skip to nav skip to content

Skirball Cultural Center

2701 N. Sepulveda Blvd, Los Angeles, CA 90049 - (310) 440-4500
Search

FOR IMMEDIATE RELEASE: October 3, 2012

Media Contact:
Katie Klapper, (323) 874-9667, This e-mail address is being protected from spambots. You need JavaScript enabled to view it
Mia Cariño, (310) 440-4544, This e-mail address is being protected from spambots. You need JavaScript enabled to view it

Download the complete press release (PDF)
View the images available for editorial use. (PDF)

 

Skirball Cultural Center presents

DECADES OF DISSENT
Democracy in Action, 1960–1980

October 11, 2012–February 17, 2013

Exhibition of visually striking, often confrontational political posters
form part of campus-wide "Democracy Matters" initiative

   

LOS ANGELES—As Americans strive to make their voices heard this election season, Decades of Dissent: Democracy in Action, 1960–1980 provides a colorful reminder of how artists in the 1960s and 1970s used protest posters as a vehicle for social change. Organized by the Center for the Study of Political Graphics, the exhibition displays twenty-eight original posters that address a range of compelling issues and showcase some of the most memorable images and slogans from that time period. Decades of Dissent will be on view at the Skirball October 11, 2012–February 17, 2013.

The collection of posters in Decades of Dissent features many iconic bywords of the 1960s and 1970s, such as “Black is Beautiful,” “Make Love, Not War,” and “Ecology Now.” They commemorate significant historical events, including the first Gay-In and Earth Day (both in 1970), the United Farm Workers grape boycott, and 1969’s People’s Park struggle. Works by noted artists such as Robert Rauschenberg and Sister Corita Kent are included, as well as indelible imagery such as the yellow sunflower of “War Is Not Healthy for Children and Other Living Things,” in both English and Vietnamese, and the swirly, psychedelic “Peace Now” dove.

Many of the posters in the exhibition illustrate important causes of the era, including the Vietnam War, the environment, and Mexican-American unionism. The posters also reflect emerging identity politics: feminism, the Black Is Beautiful” movement, the American Indian movement, gay rights, and the memorialization of World War II Japanese internment. Artistically, the posters reveal bright, bold pop art, psychedelic stylings, and casual, hand-drawn lettering.

Insightful labels give historical context for each poster and detail the context in which each poster was created and displayed. Many posters are accompanied by quotes from their creators. Quoting James Baldwin, Sister Corita Kent eloquently frames the role of the artist in the political process:

The war of an artist with his society is a lover's war. And he does at his best, what lovers do, which is to reveal the beloved to himself, and with that revelation, make freedom real.

Decades of Dissent is part of a campus-wide initiative devoted to “Democracy Matters at the Skirball,” which includes the exhibitions Creating the United States and Free to Be U.S.: A First Amendment Experience, and a special “Lincoln Spotlight” on view in the Skirball’s core exhibition, Visions and Values: Jewish Life from Antiquity to America. All are on view from October 11, 2012 through February 17, 2012. For more information on “Democracy Matters at the Skirball” exhibitions and related programs, please visit www.skirball.org/democracy-matters.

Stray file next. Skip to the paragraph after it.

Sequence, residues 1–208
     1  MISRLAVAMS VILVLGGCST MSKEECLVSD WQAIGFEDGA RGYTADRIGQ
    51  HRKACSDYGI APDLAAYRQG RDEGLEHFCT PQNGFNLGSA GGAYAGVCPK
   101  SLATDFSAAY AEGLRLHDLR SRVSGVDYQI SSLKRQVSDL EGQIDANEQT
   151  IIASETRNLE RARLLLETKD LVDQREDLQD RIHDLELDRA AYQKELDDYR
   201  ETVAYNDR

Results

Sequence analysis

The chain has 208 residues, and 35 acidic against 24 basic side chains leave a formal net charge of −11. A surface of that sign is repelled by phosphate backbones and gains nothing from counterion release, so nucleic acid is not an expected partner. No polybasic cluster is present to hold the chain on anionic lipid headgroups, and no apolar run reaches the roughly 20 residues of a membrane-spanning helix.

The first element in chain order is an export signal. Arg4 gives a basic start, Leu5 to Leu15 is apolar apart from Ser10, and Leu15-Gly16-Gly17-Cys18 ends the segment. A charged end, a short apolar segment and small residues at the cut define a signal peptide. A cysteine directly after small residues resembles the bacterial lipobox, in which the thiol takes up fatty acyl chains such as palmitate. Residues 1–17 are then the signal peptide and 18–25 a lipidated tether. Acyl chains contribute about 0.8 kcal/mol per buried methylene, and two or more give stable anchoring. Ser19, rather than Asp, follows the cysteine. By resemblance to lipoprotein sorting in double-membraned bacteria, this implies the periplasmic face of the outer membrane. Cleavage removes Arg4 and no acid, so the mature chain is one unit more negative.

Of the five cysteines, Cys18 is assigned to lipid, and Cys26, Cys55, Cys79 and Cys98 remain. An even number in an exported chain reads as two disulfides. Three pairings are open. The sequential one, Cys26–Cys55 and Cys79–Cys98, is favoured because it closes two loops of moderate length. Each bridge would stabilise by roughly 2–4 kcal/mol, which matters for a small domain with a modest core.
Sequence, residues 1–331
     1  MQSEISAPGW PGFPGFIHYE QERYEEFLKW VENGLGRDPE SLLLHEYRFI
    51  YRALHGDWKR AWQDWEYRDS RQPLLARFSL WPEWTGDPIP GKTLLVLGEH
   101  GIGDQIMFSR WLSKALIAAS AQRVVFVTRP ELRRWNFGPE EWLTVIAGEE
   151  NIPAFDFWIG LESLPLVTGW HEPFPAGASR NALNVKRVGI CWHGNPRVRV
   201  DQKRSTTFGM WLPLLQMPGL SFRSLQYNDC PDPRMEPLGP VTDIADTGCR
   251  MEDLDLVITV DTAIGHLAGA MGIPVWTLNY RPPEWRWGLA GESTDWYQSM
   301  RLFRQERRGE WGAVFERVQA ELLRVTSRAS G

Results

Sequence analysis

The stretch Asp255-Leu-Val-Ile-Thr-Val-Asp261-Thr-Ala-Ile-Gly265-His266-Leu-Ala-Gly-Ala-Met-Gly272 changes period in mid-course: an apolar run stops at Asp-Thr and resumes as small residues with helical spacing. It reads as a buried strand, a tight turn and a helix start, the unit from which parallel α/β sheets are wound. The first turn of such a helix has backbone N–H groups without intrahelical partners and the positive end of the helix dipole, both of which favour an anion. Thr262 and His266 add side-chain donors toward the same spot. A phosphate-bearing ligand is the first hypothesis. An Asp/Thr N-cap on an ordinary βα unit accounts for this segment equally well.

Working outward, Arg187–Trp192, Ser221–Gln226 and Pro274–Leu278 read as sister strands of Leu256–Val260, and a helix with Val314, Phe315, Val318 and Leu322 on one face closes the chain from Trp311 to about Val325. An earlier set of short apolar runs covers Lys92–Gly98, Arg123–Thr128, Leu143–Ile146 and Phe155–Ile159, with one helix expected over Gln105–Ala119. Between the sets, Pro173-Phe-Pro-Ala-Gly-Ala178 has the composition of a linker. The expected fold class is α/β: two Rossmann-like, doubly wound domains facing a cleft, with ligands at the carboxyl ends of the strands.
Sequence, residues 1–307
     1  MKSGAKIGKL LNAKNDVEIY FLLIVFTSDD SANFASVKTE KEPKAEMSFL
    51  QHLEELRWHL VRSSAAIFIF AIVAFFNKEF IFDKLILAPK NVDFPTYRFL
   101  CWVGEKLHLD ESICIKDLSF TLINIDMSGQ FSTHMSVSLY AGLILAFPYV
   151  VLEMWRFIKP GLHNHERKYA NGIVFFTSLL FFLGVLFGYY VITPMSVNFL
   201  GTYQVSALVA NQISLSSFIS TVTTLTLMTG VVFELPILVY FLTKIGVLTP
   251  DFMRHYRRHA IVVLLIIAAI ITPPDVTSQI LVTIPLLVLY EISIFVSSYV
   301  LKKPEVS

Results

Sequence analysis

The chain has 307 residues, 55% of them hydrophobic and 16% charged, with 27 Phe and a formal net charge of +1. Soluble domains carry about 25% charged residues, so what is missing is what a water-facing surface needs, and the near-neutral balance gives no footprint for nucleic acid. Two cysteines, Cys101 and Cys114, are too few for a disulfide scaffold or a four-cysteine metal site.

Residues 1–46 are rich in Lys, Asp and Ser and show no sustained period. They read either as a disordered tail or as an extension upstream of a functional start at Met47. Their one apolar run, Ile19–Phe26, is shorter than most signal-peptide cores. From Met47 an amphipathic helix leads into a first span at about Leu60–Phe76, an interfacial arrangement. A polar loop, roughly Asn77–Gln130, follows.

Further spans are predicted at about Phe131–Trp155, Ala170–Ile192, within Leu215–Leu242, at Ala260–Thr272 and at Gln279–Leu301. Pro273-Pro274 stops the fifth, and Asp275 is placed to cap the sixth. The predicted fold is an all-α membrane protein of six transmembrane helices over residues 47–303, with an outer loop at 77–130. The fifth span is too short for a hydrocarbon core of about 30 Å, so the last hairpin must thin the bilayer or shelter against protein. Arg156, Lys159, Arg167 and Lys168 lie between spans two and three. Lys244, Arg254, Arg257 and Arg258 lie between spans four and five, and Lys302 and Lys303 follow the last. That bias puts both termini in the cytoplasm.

Gay-inAbout the Skirball

The Skirball Cultural Center is dedicated to exploring the connections between 4,000 years of Jewish heritage and the vitality of American democratic ideals. It welcomes and seeks to inspire people of every ethnic and cultural identity. Guided by our respective memories and experiences, together we aspire to build a society in which all of us can feel at home. The Skirball Cultural Center achieves its mission through educational programs that explore literary, visual, and performing arts from around the world; through the display and interpretation of its permanent collections and changing exhibitions; through an interactive family destination inspired by the Noah’s Ark story; and through outreach to the community.

Visiting the Skirball

The Skirball Cultural Center is located at 2701 N. Sepulveda Blvd., Los Angeles, CA 90049. Free on-site parking is available; street parking is strictly prohibited. TheSkirball is also accessible by Metro Rapid Bus 761. Museum hours: Tuesday–Friday 12:00–5:00 p.m.; Saturday–Sunday 10:00 a.m.–5:00 p.m.; closed Mondays and holidays. Museum admission: $10 General; $7 Seniors, Full-Time Students, and Children over 12; $5 Children 2–12. Exhibitions are always free to Skirball World PeaceMembers and Children under 2. Exhibitions are free to all visitors on Thursdays. For general information, the public may call (310) 440-4500 or visit www.skirball.org. The Skirball is also home to Zeidler’s Café, which serves innovative California cuisine in an elegant setting, and Audrey’s Museum Store, which sells books, contemporary art, music, jewelry, and more.


War Is Not Healthy for Children and Other Living Things.
Lorraine Schneider. Another Mother for Peace Offset, 1967.
Beverly Hills, California

Peace. Artist Unknown. Silkscreen on computer paper, 1970.
Berkeley, California.

Gay-In. Gay Liberation Front. Silkscreen, 1970. Los Angeles, California.

World Peace. Earl Newman. Silkscreen, 1970. Venice, California.

©2014 Skirball Cultural Center | Contact Us | Privacy Policy and Terms & Conditions

Top of Page